Worship: From formality to freedom

by Les Moir

Over the past 50 years, it has been amazing to see God restore worship to the British Church.

During the 1960s and ‘70s, worship in Church was very formal. Selected hymns were definitely seen as a warm‐up for the preacher’s sermon. Although those old songs could still move the hardest of heart, Christian music had not changed for generations.

However, a cultural explosion was happening beyond the church’s four walls. Countless people were wonderfully filled with the Holy Spirit. Where the Spirit of the Lord is there is freedom (2 Corinthians 3:17) and with this freedom came a fresh creativity, confirming that whenever there is a move of God there is new music.

New songs and expressions of worship sprung into being. These new melodies mainly originated from the House Church movement. The songs came from an overflow of hearts that were full of love for God and who He is.

Several new events catalysed a cultural shift in the Church. These gatherings included Spring Harvest, which gave a platform for gifted worship leaders who were led by the Holy Spirit to write new songs for a new generation.

One of these was Graham Kendrick, a contemporary songwriter whose biggest influences were the Beatles and the Baptist Hymnbook. Graham wrote modern hymns around the themes set for every annual Spring Harvest gathering, writing such notable tracks as ‘Servant King’ and ‘Meekness and Majesty’. These songs would become classics. As time went by, Graham grew in confidence in his calling to write contemporary Christian music. His songs tapped into what God was saying and emphasising at that moment – especially to the flourishing UK Church.

Another of the worship leaders was Ishmael, whose Praise Parties encouraged even more freedom with scripture verse songs full of joy and non-religious fun.

Spring Harvest would be the place where many people first raised their hands, sang out spontaneous love songs to God and danced in worship. Graham would lead speeding traditional Jewish songs, and before the worshippers knew, they were dancing and moving to the music! A whole generation was expressing itself differently with guitars, drums and dance.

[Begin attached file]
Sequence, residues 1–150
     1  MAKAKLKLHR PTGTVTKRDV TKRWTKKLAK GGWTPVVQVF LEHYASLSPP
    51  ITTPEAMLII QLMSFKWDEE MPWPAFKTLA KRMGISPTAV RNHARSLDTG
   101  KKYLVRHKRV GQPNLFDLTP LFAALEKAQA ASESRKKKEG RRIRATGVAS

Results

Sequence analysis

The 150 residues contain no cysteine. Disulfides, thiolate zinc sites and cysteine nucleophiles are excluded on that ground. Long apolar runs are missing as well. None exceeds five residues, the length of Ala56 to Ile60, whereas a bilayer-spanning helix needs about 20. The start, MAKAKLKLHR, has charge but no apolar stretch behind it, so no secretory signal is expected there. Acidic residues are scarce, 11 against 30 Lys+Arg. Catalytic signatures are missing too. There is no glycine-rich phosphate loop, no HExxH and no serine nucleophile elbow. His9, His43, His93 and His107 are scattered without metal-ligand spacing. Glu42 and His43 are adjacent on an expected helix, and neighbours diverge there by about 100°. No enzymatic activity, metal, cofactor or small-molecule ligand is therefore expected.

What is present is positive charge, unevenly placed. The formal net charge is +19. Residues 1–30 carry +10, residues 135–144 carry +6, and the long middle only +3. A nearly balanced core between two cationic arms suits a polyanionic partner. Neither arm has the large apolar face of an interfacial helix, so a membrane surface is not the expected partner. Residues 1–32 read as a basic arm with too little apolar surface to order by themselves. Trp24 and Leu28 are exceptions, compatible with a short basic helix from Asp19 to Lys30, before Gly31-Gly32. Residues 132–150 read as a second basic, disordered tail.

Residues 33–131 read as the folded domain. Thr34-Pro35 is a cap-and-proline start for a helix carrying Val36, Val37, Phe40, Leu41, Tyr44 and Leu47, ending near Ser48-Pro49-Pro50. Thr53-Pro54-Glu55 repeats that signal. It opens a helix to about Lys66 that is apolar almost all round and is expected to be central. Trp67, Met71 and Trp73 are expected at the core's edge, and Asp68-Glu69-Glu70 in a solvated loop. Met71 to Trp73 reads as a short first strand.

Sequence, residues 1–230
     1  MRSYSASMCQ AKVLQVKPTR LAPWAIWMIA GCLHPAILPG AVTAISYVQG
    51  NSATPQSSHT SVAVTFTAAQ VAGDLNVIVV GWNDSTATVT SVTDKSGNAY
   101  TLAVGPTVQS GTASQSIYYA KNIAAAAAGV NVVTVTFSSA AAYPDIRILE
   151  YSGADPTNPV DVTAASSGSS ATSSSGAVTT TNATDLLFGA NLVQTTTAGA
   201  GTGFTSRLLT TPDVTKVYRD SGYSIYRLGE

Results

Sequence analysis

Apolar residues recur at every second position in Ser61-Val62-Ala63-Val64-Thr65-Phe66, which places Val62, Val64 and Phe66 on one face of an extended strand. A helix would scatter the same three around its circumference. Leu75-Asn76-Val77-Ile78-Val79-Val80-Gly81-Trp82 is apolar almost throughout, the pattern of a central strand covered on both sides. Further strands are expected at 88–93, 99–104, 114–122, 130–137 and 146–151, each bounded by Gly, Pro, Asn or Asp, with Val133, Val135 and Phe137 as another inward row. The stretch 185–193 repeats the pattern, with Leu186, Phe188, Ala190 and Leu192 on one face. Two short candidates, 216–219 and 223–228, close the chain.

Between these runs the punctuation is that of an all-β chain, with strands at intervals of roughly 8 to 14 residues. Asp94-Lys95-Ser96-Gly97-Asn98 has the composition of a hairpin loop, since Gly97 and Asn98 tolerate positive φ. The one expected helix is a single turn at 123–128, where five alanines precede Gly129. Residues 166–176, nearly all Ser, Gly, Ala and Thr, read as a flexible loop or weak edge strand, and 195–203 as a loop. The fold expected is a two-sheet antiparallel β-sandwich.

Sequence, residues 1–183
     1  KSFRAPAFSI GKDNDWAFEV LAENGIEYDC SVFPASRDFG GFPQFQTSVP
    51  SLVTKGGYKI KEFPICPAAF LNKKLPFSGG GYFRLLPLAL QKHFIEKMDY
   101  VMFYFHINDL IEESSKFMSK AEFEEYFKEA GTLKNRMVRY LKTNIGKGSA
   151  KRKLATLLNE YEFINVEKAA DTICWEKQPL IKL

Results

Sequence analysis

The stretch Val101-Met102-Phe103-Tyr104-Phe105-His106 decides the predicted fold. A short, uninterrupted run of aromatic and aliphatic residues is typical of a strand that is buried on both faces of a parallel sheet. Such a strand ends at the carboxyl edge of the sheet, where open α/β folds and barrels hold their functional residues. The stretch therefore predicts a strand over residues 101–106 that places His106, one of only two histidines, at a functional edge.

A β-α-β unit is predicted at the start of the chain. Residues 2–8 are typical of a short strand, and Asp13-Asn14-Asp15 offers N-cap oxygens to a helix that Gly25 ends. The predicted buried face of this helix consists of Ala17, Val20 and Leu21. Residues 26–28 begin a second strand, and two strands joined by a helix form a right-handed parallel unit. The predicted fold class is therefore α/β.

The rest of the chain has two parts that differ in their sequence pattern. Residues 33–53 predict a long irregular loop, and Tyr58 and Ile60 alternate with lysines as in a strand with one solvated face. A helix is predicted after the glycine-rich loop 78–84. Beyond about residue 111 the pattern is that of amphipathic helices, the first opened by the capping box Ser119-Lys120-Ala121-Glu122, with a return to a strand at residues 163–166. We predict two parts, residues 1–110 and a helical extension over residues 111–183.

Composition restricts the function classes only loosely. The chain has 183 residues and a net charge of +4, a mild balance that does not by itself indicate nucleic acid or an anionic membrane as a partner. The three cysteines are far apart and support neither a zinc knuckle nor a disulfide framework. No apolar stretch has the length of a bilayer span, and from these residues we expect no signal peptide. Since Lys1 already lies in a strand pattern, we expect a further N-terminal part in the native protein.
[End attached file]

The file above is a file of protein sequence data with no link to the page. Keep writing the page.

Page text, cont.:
These were pioneering days from the first year’s Spring Harvest gathering of 2,700 people. The end of the eighties saw around 80,000 gathered and the Church coming together as one. What was seen and heard there became a model for many local congregations across the British Church.

The next generation of worship leaders were also inspired. As worship leader Martin Smith remembers:

“I was twelve when I walked into the big top at Spring Harvest for the very first time. I can still remember the feeling of electricity passing through my body as I heard this music from the stage and hearing 5,000 people singing their hearts out. ‘Shine Jesus Shine’ was the anthem the saints were singing and that was the moment the church in Britain went from feeling small to thinking big”.

As the UK Church became more multicultural, so has the worship. In his book Building Bridges, Church leader Philip Mohabir offered a prophetic challenge:

“Like the mustard seed in the parable, the Black Churches have grown into a significant force of Evangelical Christians with a spontaneity, vibrancy and dynamism that the white constituency needs. Imagine what power for good we could be in the hand of God, if both communities could combine their resources and provide a prophetic witness to a nation that is in desperate need”.

In a display of solidarity and unity, Graham Kendrick’s band was joined by Noel Robinson and Steve and Velveta Thompson from the black majority Church, as well as Portuguese trumpet player Raul D’Oliveira.

Sons and daughters of the Windrush Generation made sure their voices were heard. Noel, Steve and Velveta became worship leaders themselves and alongside Mark Beswick and Geraldine Latty, would lead at many events.

Currently, the fastest growing Church in the UK is the African Church, and this is reflected in our worship. Anthems from Africa, such as Sinach’s ‘Way Maker’, are now sung by the global church. Our worship has been enriched by these songs of faith, intercession and joy.

Our events are again providing a platform for the many different streams that compose the UK church, reflecting a creative congregation where people of different cultures might minister together. Kees Kraayenoord and the Mozaiek worship team are also bringing the unique flavour of the Dutch Church to our worship. Britain is being blessed by what God is doing in the Nations, where bridges and relationships are being built.

This brings pleasure to the heart of God and as He said He would, God commands a blessing on our unity. The UK Blessing recording and video were a beautiful example of this.

We cry out ‘Let your Kingdom come on earth as it is in heaven’ and so with our worship, may we see, in our lifetime, every tribe, tongue and nation worshiping together in unity on earth, as it is in heaven.

Amen!

Les Moir is the Executive Manager for the Word & Worship Trust, and former A&R Ambassador for Integrity Music. As an author, mentor, A&R manager, record producer and bass player on many albums, he has aimed to encourage and help develop many worship leaders, musicians and songwriters, including Matt Redman, Martin Smith, Tim Hughes, Graham Kendrick & Noel and Tricia Richards.

Les is married to Judith and we are based in Eastbourne, East Sussex, UK. We have a son and daughter, James and Isabel.

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